Academic journal article The Behavior Analyst Today

Revamping Therapeutic Staff Support Practices

Academic journal article The Behavior Analyst Today

Revamping Therapeutic Staff Support Practices

Article excerpt

Therapeutic Staff Support (TSS) provide proactive child management, time structuring, positive behavioral support, and crisis intervention to children with serious mental health diagnoses via a federal entitlement program, Early Periodic Screening Diagnosis and Treatment (EPSDT). For those of us who work daily in the behavioral health rehabilitation field, having this position filled by well trained and supervised staff is critically important. However, despite the real and potential benefits of the TSS in the context of "wrap around services," most stakeholders in the state of PA, (where this type of service is more extensively developed than most other states), agree that the current system for TSS must change. Almost all are concerned and complaining. Parents and agencies have filed suit against the Commonwealth for failure to provide medically necessary services in a timely fashion, as in the precedent setting Kirk T. litigation. Parents and provider agencies are also concerned about the quality of services, particularly when they hear that "treatment" involves trips to McDonald's or the arcade. Teachers complain that TSS in their classrooms are often nonproductive and sometimes a hindrance. Managed care companies and agencies complain that TSS services decay into "glorified babysitting." Finally the state of PA is overwhelmed with the over utilization of the TSS service, usually the most costly aspect of EPSDT service provision.


The above problems can be grouped into the following areas: a) insufficient number of TSS to fill child needs as assessed by psychologists and psychiatrists evaluating children brought to the attention of the system (see Kirk T. et al. vs. Houston, 2001 circuit 3rd); b) poor learning history and insufficient training of the TSS (e.g., TSS no-shows, TSS who become embroiled in the same power struggles with children as parents and teachers, thus offering no increased professional benefit, and agency failure to staff--see Kellner vs. Philadelphia School District); and c) almost exponential growth of TSS costs since 1994. Each of the above concerns can be addressed with a radical job restructuring of the TSS position in which service prescriptions are based on objective measures, thereby increasing the focus on clear goals established through empirical assessment practices. This paper presents the nuts and bolts of how to place the TSS position in a new light in order to solve the problems commonly raised.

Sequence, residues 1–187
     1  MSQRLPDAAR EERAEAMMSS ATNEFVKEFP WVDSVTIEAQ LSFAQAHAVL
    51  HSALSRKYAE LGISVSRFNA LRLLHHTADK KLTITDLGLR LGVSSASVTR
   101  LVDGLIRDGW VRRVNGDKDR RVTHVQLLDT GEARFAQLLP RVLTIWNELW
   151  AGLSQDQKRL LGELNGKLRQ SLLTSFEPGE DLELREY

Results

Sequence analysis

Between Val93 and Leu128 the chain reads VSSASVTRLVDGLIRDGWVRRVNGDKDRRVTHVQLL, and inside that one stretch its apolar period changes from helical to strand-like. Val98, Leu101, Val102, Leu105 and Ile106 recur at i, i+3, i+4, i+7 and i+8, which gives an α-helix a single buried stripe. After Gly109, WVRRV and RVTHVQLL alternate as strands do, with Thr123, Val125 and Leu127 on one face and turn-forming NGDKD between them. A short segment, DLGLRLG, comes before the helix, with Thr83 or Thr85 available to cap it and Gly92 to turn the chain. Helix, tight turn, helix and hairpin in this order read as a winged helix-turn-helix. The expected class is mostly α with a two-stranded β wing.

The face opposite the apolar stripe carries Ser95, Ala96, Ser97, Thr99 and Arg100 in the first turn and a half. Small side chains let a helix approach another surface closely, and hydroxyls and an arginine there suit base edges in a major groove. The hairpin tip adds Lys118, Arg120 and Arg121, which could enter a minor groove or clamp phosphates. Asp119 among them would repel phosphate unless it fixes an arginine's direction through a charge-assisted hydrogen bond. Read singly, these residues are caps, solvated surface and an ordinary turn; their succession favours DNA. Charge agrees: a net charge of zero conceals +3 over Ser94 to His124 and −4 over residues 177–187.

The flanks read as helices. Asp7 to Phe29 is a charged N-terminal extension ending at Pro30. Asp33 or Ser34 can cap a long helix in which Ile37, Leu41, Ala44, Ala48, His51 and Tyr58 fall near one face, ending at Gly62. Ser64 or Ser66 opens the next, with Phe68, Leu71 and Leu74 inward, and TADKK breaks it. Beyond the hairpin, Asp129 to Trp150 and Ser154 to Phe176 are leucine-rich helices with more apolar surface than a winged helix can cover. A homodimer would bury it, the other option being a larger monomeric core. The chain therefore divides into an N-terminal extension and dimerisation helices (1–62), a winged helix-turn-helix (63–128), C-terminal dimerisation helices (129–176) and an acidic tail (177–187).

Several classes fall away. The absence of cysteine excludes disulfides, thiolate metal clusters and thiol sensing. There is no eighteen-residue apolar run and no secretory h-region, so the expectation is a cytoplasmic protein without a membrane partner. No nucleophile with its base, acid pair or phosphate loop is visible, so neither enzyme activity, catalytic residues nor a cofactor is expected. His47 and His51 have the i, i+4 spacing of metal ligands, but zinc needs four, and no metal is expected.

Creating a Five Tier System Based on Need

Ideally, a provider agency's program manager should begin, with the psychological evaluation (including the results of formalized behavioral assessment instruments) to create treatment goals in collaboration with the family. Once goal analysis is done, the treatment team leader (either the Behavior Specialist Consultant or Mobile Therapist) develops a treatment plan with an individualized task analysis of the skills and strategies need for each individual. This task analysis should result in an hour-by-hour breakdown of expected TSS activity. Then, in the following revised system, TSS skills are matched with the level of service needed by each child receiving services (see Table 1). The TSS position can be fruitfully divided into five separate levels of care, depending on the child's needs. The training level for the TSS can vary. Since there will be stratification of job levels, there will be an increased pool of potential TSS applicants to select from as well as pay/cost differentials that will help address the high cost of services to state. Additionally, improved access and quality of TSS are addressed.

Table 1. Experience Requirements for a Five Tier TSS System

TSS level 1: TSS Aide requires High-school diploma and three years of

TSS level 2: TSS Associate requires Associates Degree and two years
experience working with children or 60 college credits and two years
experience working with children. … 
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